The U.S. Supreme Court fell back on one of its oldest Indian tricks when it ruled that the Florida election results were flawed and unreliable - but too bad, the damage has been done and no time to fix it now, not if the timetable for the Electoral College is going to be met.
In other words, legally we would like to count your vote, but politically we just do not have the time.
In Indian Country, we know all about court-acknowledged wrongs without a remedy. The Black Hills were found in court to have been taken from us in violation of every national law or treaty ever drafted, but they couldn?t be given back because too much time has passed. Numerous tribes have been deprived of lawfully protected water rights, only to find in court that it would be too complex and costly to determine any compensation for lost resources.
And how about the trust funds? Billions of Indian dollars have been spent on others, misplaced or mismanaged, and various remedies are under consideration. But if the case for compensation ever gets to U.S. Supreme Court, we know what the answer will be: yes you?ve been robbed, and no we can't fix it now.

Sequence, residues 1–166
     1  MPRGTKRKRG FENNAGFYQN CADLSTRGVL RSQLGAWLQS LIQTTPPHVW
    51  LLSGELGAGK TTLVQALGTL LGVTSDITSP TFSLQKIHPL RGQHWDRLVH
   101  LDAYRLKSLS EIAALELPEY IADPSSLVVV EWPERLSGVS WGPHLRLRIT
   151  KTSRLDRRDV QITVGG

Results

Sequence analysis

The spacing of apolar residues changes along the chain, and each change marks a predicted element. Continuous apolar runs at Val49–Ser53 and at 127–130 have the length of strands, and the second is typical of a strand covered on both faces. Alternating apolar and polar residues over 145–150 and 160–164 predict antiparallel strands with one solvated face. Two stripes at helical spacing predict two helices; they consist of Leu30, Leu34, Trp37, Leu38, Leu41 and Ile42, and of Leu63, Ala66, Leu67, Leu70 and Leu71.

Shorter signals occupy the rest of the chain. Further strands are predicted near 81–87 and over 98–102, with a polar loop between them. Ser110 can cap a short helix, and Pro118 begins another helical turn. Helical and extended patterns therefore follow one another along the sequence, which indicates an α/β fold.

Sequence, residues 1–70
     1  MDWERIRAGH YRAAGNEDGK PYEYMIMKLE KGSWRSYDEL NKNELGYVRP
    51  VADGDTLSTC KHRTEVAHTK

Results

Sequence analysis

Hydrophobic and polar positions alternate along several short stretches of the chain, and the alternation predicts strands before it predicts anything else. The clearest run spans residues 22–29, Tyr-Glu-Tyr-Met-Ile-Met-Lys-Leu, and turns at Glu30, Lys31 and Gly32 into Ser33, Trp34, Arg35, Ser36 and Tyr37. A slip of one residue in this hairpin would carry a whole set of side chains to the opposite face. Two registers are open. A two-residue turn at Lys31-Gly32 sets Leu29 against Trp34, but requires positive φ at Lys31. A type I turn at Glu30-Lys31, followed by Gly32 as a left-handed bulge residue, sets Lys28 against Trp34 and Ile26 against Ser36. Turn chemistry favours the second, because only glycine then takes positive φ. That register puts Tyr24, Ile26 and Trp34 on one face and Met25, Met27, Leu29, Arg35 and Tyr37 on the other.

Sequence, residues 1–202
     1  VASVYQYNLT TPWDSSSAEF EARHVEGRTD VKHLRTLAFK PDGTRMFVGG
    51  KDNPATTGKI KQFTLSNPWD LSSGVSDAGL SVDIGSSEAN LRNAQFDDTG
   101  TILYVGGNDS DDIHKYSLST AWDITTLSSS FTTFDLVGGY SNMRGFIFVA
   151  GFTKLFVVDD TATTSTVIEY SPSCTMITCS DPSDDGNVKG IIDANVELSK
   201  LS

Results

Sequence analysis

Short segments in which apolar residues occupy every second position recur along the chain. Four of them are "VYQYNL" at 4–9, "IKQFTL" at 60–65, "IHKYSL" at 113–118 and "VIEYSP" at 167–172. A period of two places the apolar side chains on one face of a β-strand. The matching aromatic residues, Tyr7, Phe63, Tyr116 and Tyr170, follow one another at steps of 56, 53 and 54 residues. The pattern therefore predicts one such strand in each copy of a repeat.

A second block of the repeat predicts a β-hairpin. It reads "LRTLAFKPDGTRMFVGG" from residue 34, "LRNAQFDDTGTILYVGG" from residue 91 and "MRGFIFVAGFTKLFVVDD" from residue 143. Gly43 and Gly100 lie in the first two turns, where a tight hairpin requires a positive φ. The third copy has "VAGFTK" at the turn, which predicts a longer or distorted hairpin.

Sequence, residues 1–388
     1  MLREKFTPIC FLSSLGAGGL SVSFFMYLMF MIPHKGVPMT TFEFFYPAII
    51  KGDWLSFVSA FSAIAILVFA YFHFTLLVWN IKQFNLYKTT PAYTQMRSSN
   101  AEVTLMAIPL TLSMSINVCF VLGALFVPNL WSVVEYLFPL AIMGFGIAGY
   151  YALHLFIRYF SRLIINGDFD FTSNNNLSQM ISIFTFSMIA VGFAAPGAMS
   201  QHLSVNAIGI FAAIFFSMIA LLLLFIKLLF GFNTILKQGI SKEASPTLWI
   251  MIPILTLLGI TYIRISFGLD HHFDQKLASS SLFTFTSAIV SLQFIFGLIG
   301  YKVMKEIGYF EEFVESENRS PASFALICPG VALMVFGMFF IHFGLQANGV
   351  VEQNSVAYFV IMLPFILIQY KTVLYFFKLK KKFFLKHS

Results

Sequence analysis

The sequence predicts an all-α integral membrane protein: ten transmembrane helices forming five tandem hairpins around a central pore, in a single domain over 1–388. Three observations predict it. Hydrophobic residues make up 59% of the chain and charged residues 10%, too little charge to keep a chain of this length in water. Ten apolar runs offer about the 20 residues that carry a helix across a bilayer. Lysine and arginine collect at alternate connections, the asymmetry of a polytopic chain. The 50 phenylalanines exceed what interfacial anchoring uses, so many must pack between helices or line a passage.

Perhaps Gore attorneys should have consulted with a few Indian attorneys. Perhaps Bush lawyers did. Either way, Native people could have shared with them case upon case in which our nation?s foremost repository of justice has served as little more than a clock. In Indian affairs, this always means too much time has passed for justice to prevail against historic wrongs. In Florida, it meant there was not enough time at hand for justice to prevail against contemporary wrongs. Either way, it means time, too much or too little, past or future, denies justice to the present.
Racism? We?ll never know, for the court verdict is in: can?t fix it now!
Whether you were for Bush or for Gore, no one can possibly want the allegations of racism to undermine the integrity of our political process, but here we sit.
Like other low income communities and minorities, Native people know the difficulties in exercising our right to vote. Low-income communities always get the worst outworn voting equipment and transportation to the polls must be begged or borrowed. These are real barriers and then there are the charges of unauthorized checkpoints, manipulated ballots, undercounts, denied access to polls, and 18,000 lost votes.
Charges of racism are impossible to disprove now that a recount has been quashed ... sorry, no time!
Now that the whole nation knows how Indians feel, perhaps this is the election that leads us to take the time for correction.